Continentally savvy readers already know “voir” means “to see,” but this is a series about “seeing” movies, cinema, in the broadest sense, which is to say, what films mean, and what effect they have on both individuals, and the world at large. It’s done in a series of visual meditations, usually on the specific film in question which sent the various narrators into their respective futures as essayists, bloggers, reviewers, and makers of the medium. 

From producers David Fincher and David PriorVoir dropped with vastly less fanfare accorded to something like a new Cobra Kai or Witcher season, perhaps because it’s non-fiction, or more likely, because each episode averages about fifteen minutes. They are shorts in other words. About movies.

We caught up with cinematographer Martim Vian, who shot four of the series’ six episodes. The one we wanted to really talk to him about though, was the first one (if simultaneously dropped episodes can be said to have an order), called Summer of the Shark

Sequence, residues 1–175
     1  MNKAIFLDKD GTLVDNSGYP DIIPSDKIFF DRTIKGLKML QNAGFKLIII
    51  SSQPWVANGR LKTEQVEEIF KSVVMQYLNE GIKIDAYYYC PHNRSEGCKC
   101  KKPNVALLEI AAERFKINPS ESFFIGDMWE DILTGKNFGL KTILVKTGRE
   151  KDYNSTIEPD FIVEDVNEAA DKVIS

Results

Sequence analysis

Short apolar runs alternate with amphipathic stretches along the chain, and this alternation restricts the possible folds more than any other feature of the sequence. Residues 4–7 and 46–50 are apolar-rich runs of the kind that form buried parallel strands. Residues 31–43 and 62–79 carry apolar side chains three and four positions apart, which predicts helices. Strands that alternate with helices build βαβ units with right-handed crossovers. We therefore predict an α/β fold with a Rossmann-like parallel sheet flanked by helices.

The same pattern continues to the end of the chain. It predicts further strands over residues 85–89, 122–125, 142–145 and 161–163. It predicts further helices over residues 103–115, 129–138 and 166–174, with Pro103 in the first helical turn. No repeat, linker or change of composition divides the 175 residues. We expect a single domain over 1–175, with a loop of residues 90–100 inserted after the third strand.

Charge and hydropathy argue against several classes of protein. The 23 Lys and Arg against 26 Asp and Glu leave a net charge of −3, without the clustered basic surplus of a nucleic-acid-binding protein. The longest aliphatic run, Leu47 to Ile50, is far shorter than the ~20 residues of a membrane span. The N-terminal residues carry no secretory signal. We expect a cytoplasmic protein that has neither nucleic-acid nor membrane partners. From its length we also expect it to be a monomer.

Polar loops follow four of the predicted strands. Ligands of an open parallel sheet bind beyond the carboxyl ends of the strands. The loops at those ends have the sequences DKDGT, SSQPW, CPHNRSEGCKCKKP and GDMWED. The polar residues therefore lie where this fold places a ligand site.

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Voir. Cr. Netflix © 2021

Cinematographer Martim Vian Shares the Importance of Eliciting Nostalgia in Netflix’s Voir

January 19, 2022
ProductionHUB

David Fincher and David Prior are producers on Netflix‘s latest upcoming series Voir— a series of visual essays celebrating Cinema and the personal connection we each have to the stories we see on the big screen.

Each episode celebrates various aspects of cinema through interviews and personal anecdotes from historians and filmmakers. The series’ cinematographer, Martim Vian, spoke exclusively to ProductionHUB about his specific vision for the series, the importance of personal and historical anecdotes, and the impact of Vior on the viewer. 

Read the full interview